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I had this professor who used to tell us that “sleep is a waste of time”. For almost a year, I clung to this law school “mantra”.

Unfortunately, my physical and mental health suffered. I had to be hospitalized in order to realize that I should have taken that professor’s tip with a grain of salt.

Ironically, sleep and rest are VERY IMPORTANT in our law school life. Accordingly, adequate rest and sleep help our brain process and consolidate new information and learnings.

When we are well-rested, it will be easier for our mind to be receptive to new knowledge. Then, we get to remember new information better after getting sufficient sleep.

Hence, sleep if you must! (Just don’t oversleep, okay?) Anyway, no one gets good grades by sleep deprivation or large eyebags.


You’re procrastinating if you keep on putting off doing things at a later time when you could have done them right away. Remember the times when you chose to clean your room or check your emails first before reviewing for your Constitutional Law exam?

Now, you get the picture.

Procrastination isn’t an issue of time management or will power. It’s something more serious and psychological than that.

Experts say people procrastinate as a response to stress or bad hair day. When you’re stressed, you tend to postpone doing your law school tasks as a form of distraction. Unfortunately, you’ll become stressed out again once you see your to-dos pile up right before your eyes. (Familiar? Well, they call it the procrastination accumulation effect.)

Meanwhile, Dr. Tim Pychyl of Carleton University in Ottawa (Ontario, Canada) proposes that procrastination is, above all else, a short-term emotion regulation problem. As such, we use it as way to immediately manage our negative emotions instead of doing our intended tasks right away.

There are several ways to overcome procrastination in our law school life. In resolving my issue with it, I stuck to doing one single thing that had always worked for me — the “Nike principle”, i.e., JUST  [freaking] DO IT!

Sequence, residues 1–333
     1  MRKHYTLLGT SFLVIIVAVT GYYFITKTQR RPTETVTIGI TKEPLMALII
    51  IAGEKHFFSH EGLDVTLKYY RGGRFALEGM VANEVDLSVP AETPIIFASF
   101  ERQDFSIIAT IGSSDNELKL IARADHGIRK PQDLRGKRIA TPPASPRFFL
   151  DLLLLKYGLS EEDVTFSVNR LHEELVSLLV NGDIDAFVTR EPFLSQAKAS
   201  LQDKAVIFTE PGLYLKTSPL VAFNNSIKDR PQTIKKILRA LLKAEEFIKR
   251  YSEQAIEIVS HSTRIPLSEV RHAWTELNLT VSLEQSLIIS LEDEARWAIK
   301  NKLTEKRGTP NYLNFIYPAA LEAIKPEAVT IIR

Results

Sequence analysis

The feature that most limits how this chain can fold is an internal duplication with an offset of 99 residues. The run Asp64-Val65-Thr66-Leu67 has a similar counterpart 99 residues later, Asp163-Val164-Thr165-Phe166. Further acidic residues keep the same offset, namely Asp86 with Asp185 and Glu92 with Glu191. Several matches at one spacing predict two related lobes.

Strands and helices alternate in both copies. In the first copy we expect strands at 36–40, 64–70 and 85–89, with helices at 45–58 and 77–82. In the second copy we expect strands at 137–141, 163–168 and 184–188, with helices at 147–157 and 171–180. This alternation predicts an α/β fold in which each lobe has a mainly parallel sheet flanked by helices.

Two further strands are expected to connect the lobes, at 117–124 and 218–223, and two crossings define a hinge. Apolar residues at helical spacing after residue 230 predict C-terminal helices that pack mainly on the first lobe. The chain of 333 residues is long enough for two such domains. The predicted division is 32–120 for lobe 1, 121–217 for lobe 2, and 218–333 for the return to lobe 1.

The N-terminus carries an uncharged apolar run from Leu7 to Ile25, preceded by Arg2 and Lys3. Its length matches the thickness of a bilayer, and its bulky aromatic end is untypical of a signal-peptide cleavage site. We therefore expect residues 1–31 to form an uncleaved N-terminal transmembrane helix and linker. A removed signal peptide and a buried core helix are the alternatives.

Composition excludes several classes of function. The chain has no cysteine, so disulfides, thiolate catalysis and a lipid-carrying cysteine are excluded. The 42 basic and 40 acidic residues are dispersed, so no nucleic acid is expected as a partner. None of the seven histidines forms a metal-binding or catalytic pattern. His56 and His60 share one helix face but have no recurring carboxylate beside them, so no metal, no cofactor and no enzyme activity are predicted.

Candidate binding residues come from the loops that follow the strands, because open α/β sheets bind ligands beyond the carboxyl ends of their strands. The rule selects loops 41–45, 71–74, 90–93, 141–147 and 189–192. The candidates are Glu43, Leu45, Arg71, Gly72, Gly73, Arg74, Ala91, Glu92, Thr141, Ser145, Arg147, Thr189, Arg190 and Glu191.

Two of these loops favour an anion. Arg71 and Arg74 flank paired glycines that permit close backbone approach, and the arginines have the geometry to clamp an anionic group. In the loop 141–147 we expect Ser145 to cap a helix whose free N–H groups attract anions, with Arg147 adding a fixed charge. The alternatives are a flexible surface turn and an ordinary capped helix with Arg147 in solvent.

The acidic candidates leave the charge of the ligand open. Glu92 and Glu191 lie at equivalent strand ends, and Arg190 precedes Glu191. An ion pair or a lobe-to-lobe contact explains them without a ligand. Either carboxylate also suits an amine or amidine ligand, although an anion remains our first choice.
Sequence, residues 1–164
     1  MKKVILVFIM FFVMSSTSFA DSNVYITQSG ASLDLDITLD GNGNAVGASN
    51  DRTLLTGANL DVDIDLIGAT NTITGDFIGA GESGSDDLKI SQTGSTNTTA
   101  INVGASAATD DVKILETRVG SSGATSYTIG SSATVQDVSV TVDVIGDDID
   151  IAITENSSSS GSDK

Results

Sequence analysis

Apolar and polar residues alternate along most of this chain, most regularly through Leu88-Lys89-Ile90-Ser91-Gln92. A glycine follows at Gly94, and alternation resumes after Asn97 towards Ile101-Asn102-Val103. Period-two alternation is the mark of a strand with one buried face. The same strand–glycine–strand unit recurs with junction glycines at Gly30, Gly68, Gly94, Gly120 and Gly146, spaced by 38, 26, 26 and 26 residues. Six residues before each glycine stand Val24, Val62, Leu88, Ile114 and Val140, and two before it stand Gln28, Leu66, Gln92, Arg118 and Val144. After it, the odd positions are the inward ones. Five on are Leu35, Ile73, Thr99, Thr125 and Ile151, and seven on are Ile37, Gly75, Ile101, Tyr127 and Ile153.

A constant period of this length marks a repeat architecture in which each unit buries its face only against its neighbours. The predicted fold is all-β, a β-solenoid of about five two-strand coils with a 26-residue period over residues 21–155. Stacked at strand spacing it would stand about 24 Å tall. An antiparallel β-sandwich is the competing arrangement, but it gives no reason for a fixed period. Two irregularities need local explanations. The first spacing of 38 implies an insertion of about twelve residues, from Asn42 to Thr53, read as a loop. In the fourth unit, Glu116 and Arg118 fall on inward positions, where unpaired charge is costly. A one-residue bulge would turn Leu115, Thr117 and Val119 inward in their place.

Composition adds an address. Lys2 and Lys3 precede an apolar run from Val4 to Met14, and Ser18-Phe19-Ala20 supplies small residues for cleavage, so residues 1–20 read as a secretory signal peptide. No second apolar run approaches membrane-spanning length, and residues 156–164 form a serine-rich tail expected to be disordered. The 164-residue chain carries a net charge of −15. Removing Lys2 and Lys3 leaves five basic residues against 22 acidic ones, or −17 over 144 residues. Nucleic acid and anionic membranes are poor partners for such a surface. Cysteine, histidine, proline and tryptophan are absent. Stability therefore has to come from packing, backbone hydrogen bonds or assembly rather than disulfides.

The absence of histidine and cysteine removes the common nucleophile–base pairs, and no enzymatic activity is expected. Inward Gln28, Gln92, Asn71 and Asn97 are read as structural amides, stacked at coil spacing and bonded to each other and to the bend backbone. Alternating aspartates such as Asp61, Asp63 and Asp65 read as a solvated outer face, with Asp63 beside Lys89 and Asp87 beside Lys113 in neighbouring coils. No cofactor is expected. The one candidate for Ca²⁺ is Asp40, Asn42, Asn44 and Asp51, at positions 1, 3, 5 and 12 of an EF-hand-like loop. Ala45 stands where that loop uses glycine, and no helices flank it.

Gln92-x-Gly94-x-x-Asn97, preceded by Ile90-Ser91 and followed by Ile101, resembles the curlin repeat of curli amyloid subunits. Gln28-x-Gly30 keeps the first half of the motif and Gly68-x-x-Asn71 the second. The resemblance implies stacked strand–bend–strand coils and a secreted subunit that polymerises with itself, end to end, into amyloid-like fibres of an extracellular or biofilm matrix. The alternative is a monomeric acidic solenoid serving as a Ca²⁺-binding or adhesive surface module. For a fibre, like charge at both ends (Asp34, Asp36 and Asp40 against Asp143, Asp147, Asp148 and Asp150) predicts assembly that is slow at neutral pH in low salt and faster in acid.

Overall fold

I believe procrastination hampers us to start on something. Thus, if we can overcome that phase, we can actually move on and finish any task no matter what.

Cramming throughout your law school life

Merriam Webster Dictionary defines “cramming” as follows:

law school life

So, yes, we have those moments when we literally thrust ourselves to finish our 200 case digest assignments, assigned readings, or backlogs before an exam or a recitation.

But, you might say, “Tina, cramming ‘works’ wonders for me. I get to focus on studying when I cram.”

No, you don’t.

Cramming doesn’t and will never help you in long-term retention of learnings. Yes, you might be able to absorb the doctrine in a case you’re reading to pass a quiz or midterm exam. However, chances are you won’t be able to recall it by heart when the time comes that you’ll have to review for or take the bar exam.

One thing that worked for me is to schedule my studies and case digests ahead of time. This way, I don’t have to do EVERYTHING in one sitting. Plus, it had given me more time to prepare for classes, recitations, and exams without sacrificing learning and long-term retention.

Remember, it’s better to have your to-dos dispersed throughout the week and do small tasks everyday than putting them off at a later date and doing everything in one sitting. Small tasks, when consistently done, accumulate and garner the same, or even better results.

If you’re having trouble with cramming, especially with your case digests, I’m sure you’ll like a case digest checklist I made especially for law students.

Prioritizing your law school life even more than your health and wellness

Image by Bhikku Amitha from Pixabay

Yes, we have to be serious in our law school life. However, it shouldn’t be to the point of destroying our mind and body.

As they say, health is wealth. Everything that we’ve worked hard for will only go down the drain if we get sick or crippled because of allowing ourselves to succumb to law school stress.

Hence, despite being the busy bee that you are, never forget your regular trips to your physician, dentist, or even your psychologist (if applicable). Also, make sure you nourish your body and soul by eating a healthy diet, being physically active, and finding time for leisure or passion projects.

Indeed, we all want to become lawyers in the near future. So, we have to be able-bodied when that time comes.

Spending too much time on social media

Image by Erik Lucatero from Pixabay